There are a lot of good points in there, but unfortunately they're buried amongst a lot of "this isn't how Windows does it" type things. Does anyone _really_ care if alt-f4 on the desktop invokes the shutdown dialog?

Reply Score: 3

Ookaze Member since:
2005-11-14

The suggestions are constructive, but the author is a tad idealistic on some of them

I'll go further and say not all of them are constructive. But at least, it's a good effort with some new ideas that devs can look at.
But a lot of the constructive ones are already known, implemented, or proposed, and the devs just had no time to do them, or they were low priority.

He suggests incremental updates, which I think aren't a particularly good idea. You have to worry about updates from a bunch of previous versions of a package, frankly I think it's worth the download to keep things clean

That's exactly it, one of the non constructive suggestions. The guy thought only of his comfort as already a Linux user.
And this has nothing to do with the desktop anyway.
But assuming it does, should this be implemented, a new user would have to load the base package plus all the incremental updates !!! We're talking at least storage X 2,5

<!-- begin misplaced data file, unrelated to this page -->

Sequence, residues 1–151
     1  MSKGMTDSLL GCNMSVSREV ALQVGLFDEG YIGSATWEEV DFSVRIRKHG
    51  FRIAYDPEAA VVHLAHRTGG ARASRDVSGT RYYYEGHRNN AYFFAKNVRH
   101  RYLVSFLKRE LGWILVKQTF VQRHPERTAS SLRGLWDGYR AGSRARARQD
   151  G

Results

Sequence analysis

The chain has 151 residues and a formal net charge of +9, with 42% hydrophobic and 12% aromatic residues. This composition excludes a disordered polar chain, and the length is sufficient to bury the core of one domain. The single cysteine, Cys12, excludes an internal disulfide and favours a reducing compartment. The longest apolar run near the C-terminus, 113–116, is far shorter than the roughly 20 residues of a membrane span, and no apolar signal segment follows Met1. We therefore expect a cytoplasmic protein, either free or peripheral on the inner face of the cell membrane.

!! And that's for the Linux kernel, a big package, it will be worse for smaller packages. That means that much more data to store, and that much more data to send to new users, so that much more time to download if you download, or that much bigger CDs/DVDs.

Plus Linux is better than the alternatives anyway - you can't do an incremental update from Windows 2000 to XP, or to a service pack for that matter

I doubt incremental update is a good thing. Even CVS like systems have ways to transform their incremental data into a release. I think if incremental was better, they would distribute that (the patches, which are incremental) instead of releases.

He may be right about the CD-ROM locking button - I don't use GNOME, but on both my Linux machines things eject fine, and have for ages

The locking is there on purpose. The author is again advertising the Windows solution, which does not work better.
Of course, he must be used to Windows Explorer displaying directories that are not there anymore, or CD which are not there anymore, or + signs in the tree when there are no more directories.

There are a lot of good points in there, but unfortunately they're buried amongst a lot of "this isn't how Windows does it" type things. Does anyone _really_ care if alt-f4 on the desktop invokes the shutdown dialog?

Agreed.

Reply Score: 1

sappyvcv Member since:
2005-07-06

Plus Linux is better than the alternatives anyway - you can't do an incremental update from Windows 2000 to XP, or to a service pack for that matter.